Worry, overthinking, preoccupation — we've all struggled with these mental health disruptions at some point. But when those thoughts and feelings overwhelm you and manifest in harmful behavior, you've crossed into obsessive-compulsive disorder.
Obsessive-compulsive disorder, commonly called OCD, is a mental health condition characterized by obsessions, recurring thoughts, or behaviors that are difficult (sometimes impossible) to control or stop.
These obsessions trigger anxiety and extreme distress, which in turn causes an urgent need to perform behaviors called compulsions to stop your thoughts and assuage anxiety.
Those with OCD find themselves stuck in a vicious cycle of thoughts leading to obsessions leading to compulsive behaviors. Dr. Mark Rybakov and our team based in the Brooklyn and Manhattan boroughs of New York City, New York, highlight a few of the warning signs of OCD, so you know what to look for.
Though it varies in severity and expression, OCD affects millions of people in the United States.
Whether you suspect you have OCD or you're trying to support a loved one, we know how hopeless the situation can seem. But there is a way to take control of your mental health and find relief, especially if you catch it early.
1. Obsessive thoughts
One of the hallmark symptoms of OCD is having obsessive thoughts that are intrusive and persistent. These thoughts can be irrational, disturbing, or even violent, and they can cause significant distress to the person experiencing them.
OCD typically revolves around a specific theme. Some of the most common are fears of contamination or germs, worries about harm befalling oneself or others, and concerns about order or symmetry.
2. Compulsive behaviors
Compulsions are repetitive behaviors that a person with OCD feels compelled to perform to alleviate the anxiety triggered by their obsessive thoughts.
Depending on the "theme" of your OCD, these behaviors can take many forms. Some of the most common examples of compulsive behaviors include excessive hand washing, checking and rechecking locks or appliances, counting, or arranging objects in a particular way.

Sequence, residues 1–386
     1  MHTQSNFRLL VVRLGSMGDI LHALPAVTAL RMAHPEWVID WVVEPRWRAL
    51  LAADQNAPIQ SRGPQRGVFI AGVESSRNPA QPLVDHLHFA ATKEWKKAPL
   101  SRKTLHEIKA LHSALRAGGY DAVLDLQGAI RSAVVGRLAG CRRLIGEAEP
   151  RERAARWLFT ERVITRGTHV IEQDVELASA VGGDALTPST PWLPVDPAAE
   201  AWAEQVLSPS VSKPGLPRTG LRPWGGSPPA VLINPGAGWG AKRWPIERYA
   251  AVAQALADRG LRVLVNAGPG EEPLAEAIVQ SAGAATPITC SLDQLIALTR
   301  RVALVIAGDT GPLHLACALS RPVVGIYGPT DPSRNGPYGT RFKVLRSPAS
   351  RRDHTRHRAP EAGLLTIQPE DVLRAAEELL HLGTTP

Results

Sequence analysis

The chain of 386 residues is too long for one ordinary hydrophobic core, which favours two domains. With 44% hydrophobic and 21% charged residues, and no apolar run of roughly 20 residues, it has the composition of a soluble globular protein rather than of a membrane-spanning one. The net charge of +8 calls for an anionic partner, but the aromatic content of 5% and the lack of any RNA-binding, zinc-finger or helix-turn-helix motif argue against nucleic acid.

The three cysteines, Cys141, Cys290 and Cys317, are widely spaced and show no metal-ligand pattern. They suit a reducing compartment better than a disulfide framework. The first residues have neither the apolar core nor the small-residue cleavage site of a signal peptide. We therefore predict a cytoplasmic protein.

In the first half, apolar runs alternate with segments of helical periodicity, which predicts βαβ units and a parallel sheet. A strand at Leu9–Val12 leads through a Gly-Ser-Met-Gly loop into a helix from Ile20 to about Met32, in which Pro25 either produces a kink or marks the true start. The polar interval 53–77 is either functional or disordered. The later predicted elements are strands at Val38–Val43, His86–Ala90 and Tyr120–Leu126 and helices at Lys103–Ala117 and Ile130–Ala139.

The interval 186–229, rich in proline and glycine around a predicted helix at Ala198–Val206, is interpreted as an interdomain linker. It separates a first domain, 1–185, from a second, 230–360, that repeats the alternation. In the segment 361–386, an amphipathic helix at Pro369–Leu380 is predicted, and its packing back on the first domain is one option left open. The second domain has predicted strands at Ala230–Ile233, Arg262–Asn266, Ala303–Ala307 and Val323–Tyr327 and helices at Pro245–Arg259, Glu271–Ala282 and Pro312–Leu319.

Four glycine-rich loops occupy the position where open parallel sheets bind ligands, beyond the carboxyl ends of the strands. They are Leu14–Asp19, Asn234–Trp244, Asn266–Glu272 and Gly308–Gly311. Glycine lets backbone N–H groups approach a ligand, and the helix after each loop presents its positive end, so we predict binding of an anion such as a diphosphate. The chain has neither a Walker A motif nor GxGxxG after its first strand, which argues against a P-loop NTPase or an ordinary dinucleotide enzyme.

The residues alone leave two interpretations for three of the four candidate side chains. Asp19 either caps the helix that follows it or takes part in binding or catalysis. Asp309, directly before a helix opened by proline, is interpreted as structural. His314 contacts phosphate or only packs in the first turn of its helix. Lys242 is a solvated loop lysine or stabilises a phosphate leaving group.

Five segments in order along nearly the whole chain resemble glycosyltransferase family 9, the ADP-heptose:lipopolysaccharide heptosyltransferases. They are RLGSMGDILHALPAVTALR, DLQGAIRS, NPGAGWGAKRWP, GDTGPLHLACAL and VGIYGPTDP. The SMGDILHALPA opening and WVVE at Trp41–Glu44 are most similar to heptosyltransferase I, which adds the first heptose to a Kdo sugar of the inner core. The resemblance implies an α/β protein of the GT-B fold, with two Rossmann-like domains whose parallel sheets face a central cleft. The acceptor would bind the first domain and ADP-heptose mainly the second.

Compulsive behaviors often offer temporary relief from anxiety and can be time-consuming, interfering with your daily activities.
3. Avoidance symptoms
We all feel secure when we control the situation. However, individuals with OCD take those feelings to the next level and let fears of losing control over their thoughts or actions lead to avoidance behaviors, such as avoiding certain situations or objects.
OCD can also cause you to feel shame or embarrassment about your condition, leading to social isolation and difficulty forming relationships.
Perfectionism is a common trait among people with OCD. You may feel a strong need for things to be done "just right," and become upset or anxious when items don't meet your expectations. Often, this leads to procrastination and difficulty in making decisions or completing tasks.
5. Interference with daily life
OCD can significantly impact your life and disrupt your ability to work, socialize, and carry out daily activities. For example, if you have OCD, you might spend hours performing compulsive behaviors, leaving you little time or energy for other activities. Your symptoms might make it tough to maintain relationships or hold a job.
If you have OCD, now what?
If you identify with any of the warning signs of OCD, you're likely wondering about your treatment options. Dr. Rybakov knows that OCD affects everyone differently, so he carefully evaluates your symptoms and health history before recommending a treatment.
For many, psychotherapy is enough to get OCD under control; others may need medication to improve their symptoms. If you're struggling with your mental health, request an appointment with our compassionate team online or over the phone today.